tearing of cables. His thoughts stuck, or floated away beyond his
control, so that the effort of forcing them into order sickened and
exasperated him. Nor was night a respite. He lay in the soft cushions
of the great bed, sleepless and weary, watching the hours pass. At dawn
he would slip into an exhausted insensibility, and two hours later
would be on his feet again to face another day of self-driving.

He strode into the customs-house in no tolerant mood, and addressed
Ansell's 'peacocks' with bite and precision. This was one of his lucid
days, and he made the most of it: it was luxury to have the words come
neat and appropriate from his tongue without having first to arrange
them in his mind. It was absurd, he told them, to suggest that they
should be scattered over the town as it seemed good to them. They were
there to be ransomed, and until they were ransomed they would stay
where they could be found.

But we can be found in our homes, they protested.

He doubted it, said Henry. He very much doubted it. The town was open
to the countryside, without barricade or fortification, as it had
always been. The temptation to depart would be very great. And if they
thought that he had men to spare for a separate guard on each of them,
then they were wrong. It was ridiculous, he said----

And stopped there.

He heard the silence that flooded in on his broken sentence.

What had happened? Had his fever come back? What had stopped his
thoughts?

He struggled with the silence, but had no power to break it.

In a dumb panic he sought for the source of his distraction, and found
it. It was the Madonna by the doorway to the quay.

It was a living Madonna, for all her stillness and repose. Warm and
alive, for all her calm gaze and her folded hands.

He took his eyes away and tried to think what he had been saying.
Something about a guard. A guard for someone. A guard. A guard. A
guard. She must be alive, because the lace on her bosom had been
moving. Something about a guard. A guard for whom? It might be just the
air from the quay that stirred the lace. No living woman could look
like that. What was it that he had been saying?

The silence dwindled into small sound as the crowd began their chatter
and their protests again.

'You will be escorted to the convent of the nuns of Rosario this
evening, and food will be sent to you there,' he said. And turned on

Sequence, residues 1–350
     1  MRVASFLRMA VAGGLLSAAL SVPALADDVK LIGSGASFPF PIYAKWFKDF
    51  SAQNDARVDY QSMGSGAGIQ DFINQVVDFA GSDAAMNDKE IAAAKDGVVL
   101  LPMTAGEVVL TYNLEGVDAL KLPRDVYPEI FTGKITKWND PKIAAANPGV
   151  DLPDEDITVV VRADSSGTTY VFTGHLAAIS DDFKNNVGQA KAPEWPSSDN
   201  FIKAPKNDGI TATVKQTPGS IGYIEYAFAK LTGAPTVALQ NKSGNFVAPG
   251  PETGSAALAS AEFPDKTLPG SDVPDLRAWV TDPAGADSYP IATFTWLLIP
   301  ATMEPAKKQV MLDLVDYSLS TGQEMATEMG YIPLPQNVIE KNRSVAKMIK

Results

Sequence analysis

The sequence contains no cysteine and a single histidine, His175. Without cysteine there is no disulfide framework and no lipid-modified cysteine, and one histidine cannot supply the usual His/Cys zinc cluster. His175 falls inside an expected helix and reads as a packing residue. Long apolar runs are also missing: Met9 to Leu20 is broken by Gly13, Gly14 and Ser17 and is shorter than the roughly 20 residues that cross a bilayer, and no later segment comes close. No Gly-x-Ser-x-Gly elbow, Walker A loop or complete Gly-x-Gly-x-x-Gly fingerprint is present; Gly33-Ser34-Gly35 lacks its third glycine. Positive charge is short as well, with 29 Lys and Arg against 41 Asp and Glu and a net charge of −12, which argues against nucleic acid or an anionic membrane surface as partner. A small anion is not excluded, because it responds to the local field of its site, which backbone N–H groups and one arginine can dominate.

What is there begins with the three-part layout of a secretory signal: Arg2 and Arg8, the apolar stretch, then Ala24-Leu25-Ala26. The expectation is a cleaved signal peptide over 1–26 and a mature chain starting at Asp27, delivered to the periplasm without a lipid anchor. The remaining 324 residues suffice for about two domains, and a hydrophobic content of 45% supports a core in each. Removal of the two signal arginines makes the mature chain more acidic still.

his heel and went out by the opposite door, without looking again in
her direction.

He had been on the way home to dinner with his officers, but this
failure in control so dismayed him that he punished himself by thinking
up a new duty, and went to see Bart in hospital. Bart was very ill with
fever, and was every day looking more and more as he had looked when
Bluey had carried him up the steps of San Jeronimo to the daylight. He
had also begun to talk again about that cottage in the Mendips: a
subject on which he had not touched for a long time. The visit did
nothing to strengthen or comfort Henry.

Nor did the succeeding days bring release. The need to see the woman
again was paramount whatever he was doing. Her face came between him
and the papers on his desk, and hung between him and the dim ceiling in
the small hours. Her face was inside his closed eyelids and inside his
mind.

It was easy to see her again. Interviewing prisoners held for ransom
was a normal proceeding, and he had only to wait. He could have placed
her first on the list, but that would have been to acknowledge to
himself that an unknown woman could have the power to dictate his
actions, and that was unthinkable. So he forced himself to wait until
the moment when his door opened and the Franciscan friar who was acting
as his secretary said that the wife of Don Vincente de Alcandete was
here.

She stood as she had stood by the doorway to the quay, quiet and still.
And again he was at a loss for words. It was a very young Madonna;
ageless and innocent. Not woman at all. Mere essential beauty.
Loveliness incarnate. Perfection made manifest.

'Your husband owns the big house on the other side of the square,' he
heard himself say. 'Where is your husband?' And he waited with his
breath held to hear her speak.

Her husband had gone to Peru on business, she said; and it was music.

'Since your home is in the centre of the town and surrounded on all
sides by our own headquarters, it might be possible, I think, for you
to live there if you cared to.'

That would be very gracious of him, said the music.

Unconsciously, Henry had expected her to say that she could not take
privileges that were denied to her friends. But of course one could
hardly expect a Madonna to be greatly concerned with, nor aware of,
human relationships.

'Have you servants to look after you if you go home?'

Yes, she had servants.

'Then I shall give instructions that from now on you may live in your
own house.'

She bowed her head a little, with no change of expression, and went
away.

And in the evening of the following day he went to call on her.

She received him without surprise, and he sat for half an hour
absorbing and marvelling at that serene perfection. She did not
volunteer any remark, and he sat like a tongue-tied schoolboy, but the
silences that fell between his questions had the same serenity as her
beauty. He felt drugged, and happy for the first time for weeks.

But there was no happiness for him once he had left her. Only a
feverish waiting until it would be evening again and he could go and
see her.